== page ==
Before getting a blepharoplasty, patients must discuss the specific surgical risks that apply to them with their surgeons. They must only agree to get the surgery after carefully considering the potential advantages and hazards.

How to Avoid the Most Common Complications in Blepharoplasties

Sharing Information
Before agreeing to go under the knife, patients must have detailed discussions with their plastic surgeons and ophthalmologists regarding –
Medical Background – The patient’s history of past surgeries and any pre-existing conditions like itchy eyes, allergies, blood circulation issues, glaucoma, or other health problems.
Diet – People who suffer from thyroid, diabetes, or other common diseases are usually on regular medications. Patients must disclose the list of medications they take in addition to disclosing whether they consume alcohol, tobacco products, or hard drugs.
Based on this information, the ophthalmologist will state whether or not getting eyelid surgery is suitable for the patient. If the answer’s yes, the patient should clarify what he or she expects after the surgery.
Pre-Surgery Tests
Before the blepharoplasty, patients are required to undergo –
• General health examinations
• Vision tests
• Precise eyelid photography sessions at the ophthalmologist’s chamber
• Completing these tests and processes is essential!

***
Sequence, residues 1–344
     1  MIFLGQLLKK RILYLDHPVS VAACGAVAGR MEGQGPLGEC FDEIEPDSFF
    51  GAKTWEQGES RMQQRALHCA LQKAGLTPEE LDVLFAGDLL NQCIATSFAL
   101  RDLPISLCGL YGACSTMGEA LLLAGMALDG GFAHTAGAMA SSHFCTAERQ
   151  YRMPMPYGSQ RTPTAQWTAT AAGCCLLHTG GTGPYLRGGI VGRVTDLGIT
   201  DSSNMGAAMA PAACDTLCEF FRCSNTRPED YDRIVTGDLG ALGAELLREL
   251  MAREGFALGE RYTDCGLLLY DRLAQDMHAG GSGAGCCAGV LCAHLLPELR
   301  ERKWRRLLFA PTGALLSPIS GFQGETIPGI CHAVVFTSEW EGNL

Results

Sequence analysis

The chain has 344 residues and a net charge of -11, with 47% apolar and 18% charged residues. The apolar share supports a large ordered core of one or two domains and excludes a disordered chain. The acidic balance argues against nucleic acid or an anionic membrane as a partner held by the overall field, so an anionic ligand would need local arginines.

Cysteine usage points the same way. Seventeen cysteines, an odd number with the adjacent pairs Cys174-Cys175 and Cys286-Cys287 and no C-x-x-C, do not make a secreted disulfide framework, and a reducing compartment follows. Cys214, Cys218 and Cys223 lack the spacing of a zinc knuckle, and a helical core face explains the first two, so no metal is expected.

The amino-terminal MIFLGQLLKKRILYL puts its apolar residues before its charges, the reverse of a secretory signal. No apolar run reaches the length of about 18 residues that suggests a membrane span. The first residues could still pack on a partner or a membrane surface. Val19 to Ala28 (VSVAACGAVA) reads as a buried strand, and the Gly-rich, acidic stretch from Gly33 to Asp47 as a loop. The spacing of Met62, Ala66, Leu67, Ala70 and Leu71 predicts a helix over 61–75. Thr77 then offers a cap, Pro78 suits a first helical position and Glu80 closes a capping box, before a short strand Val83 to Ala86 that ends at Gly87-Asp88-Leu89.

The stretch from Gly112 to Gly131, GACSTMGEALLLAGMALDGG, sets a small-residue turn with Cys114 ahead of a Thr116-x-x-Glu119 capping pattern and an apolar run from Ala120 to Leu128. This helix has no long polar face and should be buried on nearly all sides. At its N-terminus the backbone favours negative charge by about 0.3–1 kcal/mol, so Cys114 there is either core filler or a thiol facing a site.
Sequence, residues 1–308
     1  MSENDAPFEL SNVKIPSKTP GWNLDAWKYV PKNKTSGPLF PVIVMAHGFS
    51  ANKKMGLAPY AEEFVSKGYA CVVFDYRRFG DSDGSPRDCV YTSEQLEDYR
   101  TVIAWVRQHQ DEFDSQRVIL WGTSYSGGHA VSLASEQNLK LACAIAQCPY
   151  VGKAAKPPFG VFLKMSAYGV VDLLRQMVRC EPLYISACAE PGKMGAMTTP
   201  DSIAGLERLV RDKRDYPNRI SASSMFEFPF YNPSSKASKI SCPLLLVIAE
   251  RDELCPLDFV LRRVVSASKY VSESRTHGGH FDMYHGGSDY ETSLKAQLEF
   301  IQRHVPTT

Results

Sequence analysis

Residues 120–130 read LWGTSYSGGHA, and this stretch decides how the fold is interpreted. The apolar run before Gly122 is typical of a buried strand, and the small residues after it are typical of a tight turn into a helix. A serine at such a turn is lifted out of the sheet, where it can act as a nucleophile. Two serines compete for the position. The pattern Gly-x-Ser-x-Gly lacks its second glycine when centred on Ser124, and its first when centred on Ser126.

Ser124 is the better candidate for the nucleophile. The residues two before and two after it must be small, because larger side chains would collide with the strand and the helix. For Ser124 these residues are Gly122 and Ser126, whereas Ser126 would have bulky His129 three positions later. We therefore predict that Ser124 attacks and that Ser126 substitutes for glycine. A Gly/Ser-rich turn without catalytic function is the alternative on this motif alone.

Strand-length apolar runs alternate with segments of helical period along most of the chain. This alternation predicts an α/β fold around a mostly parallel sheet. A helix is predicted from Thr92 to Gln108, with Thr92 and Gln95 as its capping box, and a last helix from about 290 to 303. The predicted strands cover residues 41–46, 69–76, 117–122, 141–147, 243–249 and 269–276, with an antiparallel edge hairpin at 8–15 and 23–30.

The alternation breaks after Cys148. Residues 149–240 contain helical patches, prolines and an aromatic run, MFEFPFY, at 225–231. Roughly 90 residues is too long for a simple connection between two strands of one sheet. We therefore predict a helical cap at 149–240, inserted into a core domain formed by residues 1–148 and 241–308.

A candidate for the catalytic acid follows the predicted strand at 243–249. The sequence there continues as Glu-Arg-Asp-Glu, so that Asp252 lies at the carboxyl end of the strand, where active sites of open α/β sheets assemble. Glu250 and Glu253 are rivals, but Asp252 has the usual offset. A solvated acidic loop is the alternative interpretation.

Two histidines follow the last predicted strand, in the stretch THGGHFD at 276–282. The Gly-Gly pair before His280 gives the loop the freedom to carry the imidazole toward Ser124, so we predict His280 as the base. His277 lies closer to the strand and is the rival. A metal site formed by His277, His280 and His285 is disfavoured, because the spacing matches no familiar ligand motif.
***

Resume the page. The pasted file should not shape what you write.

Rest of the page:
Avoiding Risks During the Surgery
The surgeons need to ensure that the patients are not allergic to the numbing medications injected into their eyelids. Patients may also receive additional IV medication to keep them relaxed during the surgery.
Surgeons first operate on the patient’s upper eyelids. If the upper eyelids keep drooping after excess skin has been removed, the surgeon may carry out a process call ptosis to give extra structure to the eyebrow muscles.
Post-Surgery Symptoms
After the surgery, patients are left alone in the recovery room. They are monitored continuously for a couple of hours. Patients mustn’t feel too anxious about mild pain/ discomfort, swelling/bruising, temporary double vision, light sensitivity, watery eyes, or blurred vision. These symptoms (around the eyelids) are typical and temporary.
Surgeons recommend the use of dark shades to protect the eyelids from sunlight or wind exposure. To alleviate pain, eye-specialists recommend using ice packs on the eyes. Patients must keep applying ice packs gently to their eyelids and occasionally use eye drops or ointments (only if the surgeon prescribes them). People who wear contact lenses shouldn’t use them for a couple of weeks. Patients must avoid damage to the eyelids during sleeping by sleeping in a ‘face-up’ position.

What to Avoid?

During the recovery session, patients must avoid
• Rubbing their eyes
• Smoking to ensure the healing process is super-fast
• Intensive exercise or physical activities (heavy-lifting, jogging, etc.)
• Swimming
• Consuming Vitamin E, fish oil, and other food items that thin down the blood; consuming these could increase postoperative bruising and swelling.
• Blood-thinning medicines like warfarin, aspirin, ibuprofen, or similar herbal supplements
The frequent use of ice packs, arnica gel pads, and bromelain is recommended to deal with pain or itching. Once the stitches are removed (approximately one week after the surgery), patients must stick to their healthy eating and drinking habits.
Complications with cosmetic blepharoplasty are more common with lower lid blepharoplasty. However, patients who follow these useful guidelines will get away with a natural-looking result and perhaps minimal bruising or swelling.